|Nosepicker 1: Why Pick on Me (originally titled The Lord Gave Me My Face but |
I Can Pick My Own Nose), 1948. tempora and ink on Masonite
|Statue of Liberty, 1962. Silkscreen ink and spray paint.|
|High Heel Shoe, ca 1955. Ink and Dr. Martin's Aniline dye on Strathmore paper.|
Andy Warhol was born Andrew Warhola on August 6, 1928, in a two-room row house apartment in Pittsburgh. Devout Byzantine Catholics, the family attended mass regularly and observed the traditions of their Eastern European heritage. Warhol’s father, a laborer, moved his family to a brick home on Dawson Street in 1934. Warhol attended the nearby Holmes School and took free art classes at Carnegie Institute (now The Carnegie Museum of Art). Warhol later attended Carnegie Institute of Technology (now Carnegie Mellon University) from 1945 to 1949, earning a Bachelor of Fine Arts degree in Pictorial Design with the goal of becoming a commercial illustrator. Soon after graduating, Warhol moved to New York City to pursue a career as a commercial artist.
|Flowers, 1970. Screen print on paper.|
In the late 1950s, Warhol began to devote more energy to painting. He made his first pop-culture paintings, which he based on comics and ads, in 1961. The following year marked the beginning of Warhol’s celebrity. He debuted his famous Campbell’s Soup Can series, which caused a sensation in the art world. Shortly thereafter he began a sequence of movie star portraits.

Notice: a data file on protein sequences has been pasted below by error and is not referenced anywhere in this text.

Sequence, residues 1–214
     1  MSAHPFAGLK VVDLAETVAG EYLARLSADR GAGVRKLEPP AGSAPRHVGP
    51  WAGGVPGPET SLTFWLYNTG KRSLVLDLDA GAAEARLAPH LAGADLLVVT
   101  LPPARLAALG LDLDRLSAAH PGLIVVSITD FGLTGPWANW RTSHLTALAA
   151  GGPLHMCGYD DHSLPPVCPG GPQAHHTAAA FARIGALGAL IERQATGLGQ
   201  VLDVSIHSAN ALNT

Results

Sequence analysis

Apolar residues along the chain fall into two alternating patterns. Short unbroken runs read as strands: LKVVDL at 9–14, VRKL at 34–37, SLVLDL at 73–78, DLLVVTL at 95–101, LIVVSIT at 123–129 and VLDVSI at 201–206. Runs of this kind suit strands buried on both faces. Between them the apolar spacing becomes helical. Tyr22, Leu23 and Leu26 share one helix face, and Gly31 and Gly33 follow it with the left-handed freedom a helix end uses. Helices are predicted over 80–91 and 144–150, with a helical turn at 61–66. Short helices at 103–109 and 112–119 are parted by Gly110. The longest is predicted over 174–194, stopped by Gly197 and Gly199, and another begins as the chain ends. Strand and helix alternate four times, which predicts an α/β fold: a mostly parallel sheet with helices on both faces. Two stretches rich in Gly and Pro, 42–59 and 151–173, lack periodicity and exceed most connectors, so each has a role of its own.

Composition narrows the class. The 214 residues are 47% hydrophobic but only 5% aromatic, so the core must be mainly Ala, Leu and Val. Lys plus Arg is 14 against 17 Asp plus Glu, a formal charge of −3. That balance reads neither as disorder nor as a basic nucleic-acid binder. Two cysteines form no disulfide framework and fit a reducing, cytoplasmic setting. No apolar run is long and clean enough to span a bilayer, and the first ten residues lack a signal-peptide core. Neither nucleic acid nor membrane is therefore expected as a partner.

|Three Marilyns, 1962. Acrylic, silkscreen ink, and graphite on linen.|
Throughout the 1970s Warhol frequently socialized with celebrities such as Jackie Kennedy Onassis and Truman Capote, both of whom had been important early subjects in his art. Celebrity portraits developed into a significant aspect of his career and a main source of income.
|Ai Weiwei: Neolithic Pottery with Coca-Cola Logo, 2007. Metallic paint, earthenware jar.|
|Ai Weiwei: Dropping a Han Dynasty Urn, 2015. Lego blocks (!!)|
In all, you emerge from this must-see museum with a greater understanding of Warhol's genius, beyond his iconic Campbell's Soup Cans paintings, although you ultimately are left with the question, is it ever really possible to understand Andy Warhol?
Getting there: 117 Sandusky Street, Pittsburgh, PA 15212-5890
Hours: Closed Mondays. Open Saturday, Sunday, Tuesday - Thursday 10 a.m. - 5 p.m., Friday 10 a.m. - 10 p.m. Check website for holiday schedules.
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|Elvis 11 Times [Studio Type], 1963. (7 shown here) Silkscreen ink and silver paint on linen.|